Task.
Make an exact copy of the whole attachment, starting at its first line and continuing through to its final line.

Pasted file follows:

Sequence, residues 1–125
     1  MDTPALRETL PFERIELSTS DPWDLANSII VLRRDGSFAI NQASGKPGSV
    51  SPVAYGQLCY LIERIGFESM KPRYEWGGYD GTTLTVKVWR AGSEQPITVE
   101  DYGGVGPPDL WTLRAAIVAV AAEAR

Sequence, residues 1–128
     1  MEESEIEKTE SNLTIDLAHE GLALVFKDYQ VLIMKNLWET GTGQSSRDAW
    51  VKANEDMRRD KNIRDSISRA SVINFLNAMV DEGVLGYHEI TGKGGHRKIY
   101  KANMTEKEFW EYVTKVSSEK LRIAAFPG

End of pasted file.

Sequence, residues 1–125
     1  MDTPALRETL PFERIELSTS DPWDLANSII VLRRDGSFAI NQASGKPGSV
    51  SPVAYGQLCY LIERIGFESM KPRYEWGGYD GTTLTVKVWR AGSEQPITVE
   101  DYGGVGPPDL WTLRAAIVAV AAEAR

Sequence, residues 1–128
     1  MEESEIEKTE SNLTIDLAHE GLALVFKDYQ VLIMKNLWET GTGQSSRDAW
    51  VKANEDMRRD KNIRDSISRA SVINFLNAMV DEGVLGYHEI TGKGGHRKIY
   101  KANMTEKEFW EYVTKVSSEK LRIAAFPG